Dear Ivy

Dear Ivy

Billy Ferguson/ Fourth Estate

Ivy gives advice to a struggling freshman


Dear Ivy,

I’m at a point in the semester where everything is stressing me out. My finances are not in check and I still can’t find a part-time job.  On top of that, my grades are fluctuating just as much as my mood, and I might not be able to make it to next semester. Do you have any advice for me?

-Struggling Freshman


Dear Struggling Freshman,

First of all, you took one of the hardest steps of all: reaching out for help.

When you are overwhelmed with everything happening in your life, the first thing you should do is clear your thoughts and be honest about what is most important, and what you can and cannot control. You can do this by journaling, or talking to others. Only focus on the things you can control such as grades, looking for jobs and staying positive.

The easiest issue to solve is your grades. There are many steps you can take to achieve better grades and finish out the semester strong, such as staying organized. Make a to-do list of everything you need to do from big tasks like class assignments, projects, and looking for jobs to small chores, such as buying groceries and doing laundry.

Doing this helps you effectively prioritize and realize that there is very little time to worry about the future. Focus on the present and do not spend time procrastinating, which is often what happens when we’re stressed.

Procrastination is one of the biggest GPA killers. One way to avoid it is to mark off time for both work and free time. Another way is learning how you work most effectively. For example, knowing that you cannot listen to music without dancing for 20 minutes at a time helps you focus and keep on task.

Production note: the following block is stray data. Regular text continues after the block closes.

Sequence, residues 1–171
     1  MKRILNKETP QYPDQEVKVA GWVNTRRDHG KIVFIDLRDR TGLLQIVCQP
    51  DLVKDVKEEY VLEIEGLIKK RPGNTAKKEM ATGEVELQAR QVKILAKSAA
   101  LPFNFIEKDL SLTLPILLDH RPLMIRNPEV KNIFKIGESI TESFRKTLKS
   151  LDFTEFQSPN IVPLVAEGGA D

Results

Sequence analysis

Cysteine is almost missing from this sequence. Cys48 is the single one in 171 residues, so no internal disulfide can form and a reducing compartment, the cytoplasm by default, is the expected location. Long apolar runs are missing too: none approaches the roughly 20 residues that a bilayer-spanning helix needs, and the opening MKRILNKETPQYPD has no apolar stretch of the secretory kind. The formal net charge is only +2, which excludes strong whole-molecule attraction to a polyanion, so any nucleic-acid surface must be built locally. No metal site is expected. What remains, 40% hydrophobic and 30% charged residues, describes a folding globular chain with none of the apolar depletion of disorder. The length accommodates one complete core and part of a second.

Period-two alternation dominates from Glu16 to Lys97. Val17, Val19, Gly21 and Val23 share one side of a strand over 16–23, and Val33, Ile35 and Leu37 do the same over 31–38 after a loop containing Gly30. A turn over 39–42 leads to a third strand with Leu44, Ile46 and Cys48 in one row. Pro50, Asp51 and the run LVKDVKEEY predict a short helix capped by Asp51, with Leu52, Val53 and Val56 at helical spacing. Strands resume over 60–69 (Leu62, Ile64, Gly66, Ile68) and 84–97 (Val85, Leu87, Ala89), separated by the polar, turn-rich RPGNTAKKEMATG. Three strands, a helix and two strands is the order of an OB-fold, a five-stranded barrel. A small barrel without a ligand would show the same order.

Also, if you can’t work for more than 15 or 30 minutes between of everything else you need to get done, take advantage of that time and get anything you can done. Any time is still some time that can be spent on the projects you need to complete or the homework due at 8 a.m the next day.

If you do not understood your classes, there’s no need to worry. Mason’s Learning Services offers assistance such as tutoring to help you catch up. You can also see your professors during their office hours, and ask if there is an effective way to organize class material or prepare for exams.

In terms of finances, have you thought about finding an off-campus job or a paid internship? Many businesses in University Mall are accessible from campus. If transportation is not a problem, apply for jobs all over Fairfax. Additionally, actively reach out to other offices on campus, or professors who may need an assistant or know someone who does.

Finally, maintain your physical and mental health. It’s crucial to learn how to brighten your moods during stressful periods—try talking to family and friends, meditating, writing in a gratitude journal or doing yoga. Focus on the positive things in the present, be patient and trust that things will work out if you keep trying.

But if the problem persists, you might want to consider talking to a professional at Counseling and Psychological Services (CAPS) at Mason. There is nothing wrong with asking for help, which we all need sometimes. Remember that “this too shall pass.”

I wish you all the best, and hope that you will move past your struggling freshman days into a thriving sophomore.